Archive for April, 2012

Discussion: Government Limits

Since last week’s Supreme Court hearing on the Affordable Care Act, the President has made some fairly extreme claims about the case.

“Ultimately, I am confident that the Supreme Court will not take what would be an unprecedented, extraordinary step of overturning a law that was passed by a strong majority of a democratically elected Congress.”

I would like to hear your thoughts on the matter. When I started this site, I wrote that I intended it to serve not only as an educational tool for conservative principles, but as a forum for thoughtful disagreement. To that end, the floor is open. I especially want to hear from anyone who disagrees. Tell your liberal friends. I’ll start.

President Obama is completely, absurdly wrong to even begin to imply that the court’s powers of judicial review are in question. The “unprecedented, extraordinary” event he refers to is something the Supreme Court has done since 1803 with Marbury v. Madison and the Court has exercised that power dozens of times since. That’s hardly disputable, though I welcome anyone who agrees with our President on this issue.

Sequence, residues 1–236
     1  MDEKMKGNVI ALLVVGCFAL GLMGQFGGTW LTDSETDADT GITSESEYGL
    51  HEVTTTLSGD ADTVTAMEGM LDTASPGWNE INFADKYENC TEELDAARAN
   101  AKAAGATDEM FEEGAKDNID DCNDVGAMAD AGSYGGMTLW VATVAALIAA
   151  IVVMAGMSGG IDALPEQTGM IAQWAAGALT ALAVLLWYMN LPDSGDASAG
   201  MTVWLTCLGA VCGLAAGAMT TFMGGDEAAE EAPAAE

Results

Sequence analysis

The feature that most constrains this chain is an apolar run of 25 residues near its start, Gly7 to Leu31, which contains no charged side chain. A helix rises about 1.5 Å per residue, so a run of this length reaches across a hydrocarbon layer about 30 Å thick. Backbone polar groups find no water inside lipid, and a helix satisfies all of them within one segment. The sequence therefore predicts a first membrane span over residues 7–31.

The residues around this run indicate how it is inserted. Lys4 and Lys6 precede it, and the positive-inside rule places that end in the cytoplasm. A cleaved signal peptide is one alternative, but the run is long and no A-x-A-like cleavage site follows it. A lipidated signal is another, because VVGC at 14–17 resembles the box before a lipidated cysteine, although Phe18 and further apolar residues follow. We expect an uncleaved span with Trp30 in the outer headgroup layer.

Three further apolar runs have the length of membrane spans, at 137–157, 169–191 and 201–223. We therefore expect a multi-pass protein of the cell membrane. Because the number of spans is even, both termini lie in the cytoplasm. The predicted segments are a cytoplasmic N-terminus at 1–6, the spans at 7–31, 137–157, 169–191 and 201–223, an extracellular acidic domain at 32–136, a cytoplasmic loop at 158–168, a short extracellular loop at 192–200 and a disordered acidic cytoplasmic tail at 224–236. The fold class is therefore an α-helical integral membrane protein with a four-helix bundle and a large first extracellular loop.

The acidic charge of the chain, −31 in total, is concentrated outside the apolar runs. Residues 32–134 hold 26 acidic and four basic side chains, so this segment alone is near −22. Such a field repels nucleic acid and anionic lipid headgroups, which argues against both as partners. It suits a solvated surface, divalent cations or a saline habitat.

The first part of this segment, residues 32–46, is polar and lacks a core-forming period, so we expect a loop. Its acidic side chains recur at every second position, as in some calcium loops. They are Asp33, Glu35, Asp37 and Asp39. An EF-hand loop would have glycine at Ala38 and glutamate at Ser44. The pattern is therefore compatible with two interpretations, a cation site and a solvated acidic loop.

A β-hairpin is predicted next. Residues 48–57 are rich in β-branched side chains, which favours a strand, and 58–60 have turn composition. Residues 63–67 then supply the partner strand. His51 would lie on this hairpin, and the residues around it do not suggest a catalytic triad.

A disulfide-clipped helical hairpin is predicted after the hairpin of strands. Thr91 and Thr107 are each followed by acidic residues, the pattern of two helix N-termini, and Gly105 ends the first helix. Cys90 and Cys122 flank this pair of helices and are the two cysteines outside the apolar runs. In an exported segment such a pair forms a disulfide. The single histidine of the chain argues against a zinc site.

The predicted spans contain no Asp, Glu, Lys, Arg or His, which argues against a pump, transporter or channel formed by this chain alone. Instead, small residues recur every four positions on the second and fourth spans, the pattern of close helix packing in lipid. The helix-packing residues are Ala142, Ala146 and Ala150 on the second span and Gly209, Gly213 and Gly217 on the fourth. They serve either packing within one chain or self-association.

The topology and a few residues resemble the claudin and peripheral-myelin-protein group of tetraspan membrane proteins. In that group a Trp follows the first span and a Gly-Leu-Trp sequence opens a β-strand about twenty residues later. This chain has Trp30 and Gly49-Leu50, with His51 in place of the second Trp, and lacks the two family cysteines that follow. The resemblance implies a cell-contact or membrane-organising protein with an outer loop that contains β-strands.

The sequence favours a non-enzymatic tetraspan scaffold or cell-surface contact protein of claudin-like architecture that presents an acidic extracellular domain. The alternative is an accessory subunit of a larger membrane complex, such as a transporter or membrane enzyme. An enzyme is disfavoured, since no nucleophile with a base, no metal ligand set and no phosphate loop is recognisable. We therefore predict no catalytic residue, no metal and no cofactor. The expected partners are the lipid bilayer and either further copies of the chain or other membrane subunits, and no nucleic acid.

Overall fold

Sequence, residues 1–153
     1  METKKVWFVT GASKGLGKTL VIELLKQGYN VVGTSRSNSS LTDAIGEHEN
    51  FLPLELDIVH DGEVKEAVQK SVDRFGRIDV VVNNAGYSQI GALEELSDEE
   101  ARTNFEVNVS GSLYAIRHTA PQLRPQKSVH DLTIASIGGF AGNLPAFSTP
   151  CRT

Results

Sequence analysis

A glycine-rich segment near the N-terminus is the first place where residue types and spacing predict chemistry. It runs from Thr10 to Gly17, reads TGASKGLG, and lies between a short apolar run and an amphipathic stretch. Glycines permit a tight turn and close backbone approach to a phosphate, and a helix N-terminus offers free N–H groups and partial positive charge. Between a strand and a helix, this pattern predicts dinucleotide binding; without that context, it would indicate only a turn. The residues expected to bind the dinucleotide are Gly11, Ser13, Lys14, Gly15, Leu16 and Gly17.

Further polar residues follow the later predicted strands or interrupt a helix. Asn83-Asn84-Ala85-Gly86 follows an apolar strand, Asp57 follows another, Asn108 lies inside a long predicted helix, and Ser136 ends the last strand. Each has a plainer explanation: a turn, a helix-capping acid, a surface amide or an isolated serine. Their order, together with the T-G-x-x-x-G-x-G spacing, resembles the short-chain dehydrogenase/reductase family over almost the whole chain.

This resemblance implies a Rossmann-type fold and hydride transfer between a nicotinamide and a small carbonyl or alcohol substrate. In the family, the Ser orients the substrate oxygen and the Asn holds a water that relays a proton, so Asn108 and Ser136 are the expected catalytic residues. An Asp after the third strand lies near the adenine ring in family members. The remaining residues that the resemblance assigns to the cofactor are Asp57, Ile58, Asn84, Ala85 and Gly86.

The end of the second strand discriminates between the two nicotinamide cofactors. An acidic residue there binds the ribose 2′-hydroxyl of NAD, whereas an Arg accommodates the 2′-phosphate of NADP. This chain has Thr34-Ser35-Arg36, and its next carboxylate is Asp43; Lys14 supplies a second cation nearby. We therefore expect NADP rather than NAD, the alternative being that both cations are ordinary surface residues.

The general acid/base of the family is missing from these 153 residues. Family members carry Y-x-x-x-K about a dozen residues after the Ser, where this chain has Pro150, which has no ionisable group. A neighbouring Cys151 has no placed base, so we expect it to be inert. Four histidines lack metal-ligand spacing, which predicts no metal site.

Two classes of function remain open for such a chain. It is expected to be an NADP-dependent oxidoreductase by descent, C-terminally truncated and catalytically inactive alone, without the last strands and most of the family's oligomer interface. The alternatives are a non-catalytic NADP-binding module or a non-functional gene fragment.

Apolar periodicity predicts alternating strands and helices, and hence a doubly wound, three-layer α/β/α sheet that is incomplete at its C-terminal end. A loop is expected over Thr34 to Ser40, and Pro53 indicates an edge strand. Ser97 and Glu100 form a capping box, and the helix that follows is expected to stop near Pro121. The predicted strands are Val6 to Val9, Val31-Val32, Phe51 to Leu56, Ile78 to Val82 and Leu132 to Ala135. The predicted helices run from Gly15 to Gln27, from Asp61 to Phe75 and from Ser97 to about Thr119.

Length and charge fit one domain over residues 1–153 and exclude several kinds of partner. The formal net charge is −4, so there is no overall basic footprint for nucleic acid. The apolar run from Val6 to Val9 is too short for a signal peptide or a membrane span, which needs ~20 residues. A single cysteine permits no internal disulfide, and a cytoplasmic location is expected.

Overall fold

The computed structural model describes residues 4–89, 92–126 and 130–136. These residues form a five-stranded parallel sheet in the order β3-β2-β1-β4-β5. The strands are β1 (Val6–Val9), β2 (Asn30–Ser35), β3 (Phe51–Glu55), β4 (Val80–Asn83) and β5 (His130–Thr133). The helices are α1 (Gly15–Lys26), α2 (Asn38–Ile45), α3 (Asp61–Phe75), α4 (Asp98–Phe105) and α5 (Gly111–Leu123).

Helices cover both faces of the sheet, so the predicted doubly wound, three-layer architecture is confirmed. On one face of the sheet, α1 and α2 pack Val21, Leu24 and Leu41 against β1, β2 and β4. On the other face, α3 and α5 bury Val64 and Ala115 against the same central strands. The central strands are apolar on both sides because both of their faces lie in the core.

The larger question I wanted to discuss was the same one the Supreme Court itself discussed last week. My question is, essentially, does the government have any limits?

Does the federal government have, in this case, the authority to force every citizen to purchase a private service?

Can the government do absolutely anything that “promotes the general welfare”? If so, why does the Constitution have anything beyond the Preamble?

Would a Broccoli Act be Constitutional? If Congress wrote a law saying that every adult had to go buy broccoli and eat at least one serving a day, should the court allow that because it promotes the general welfare?


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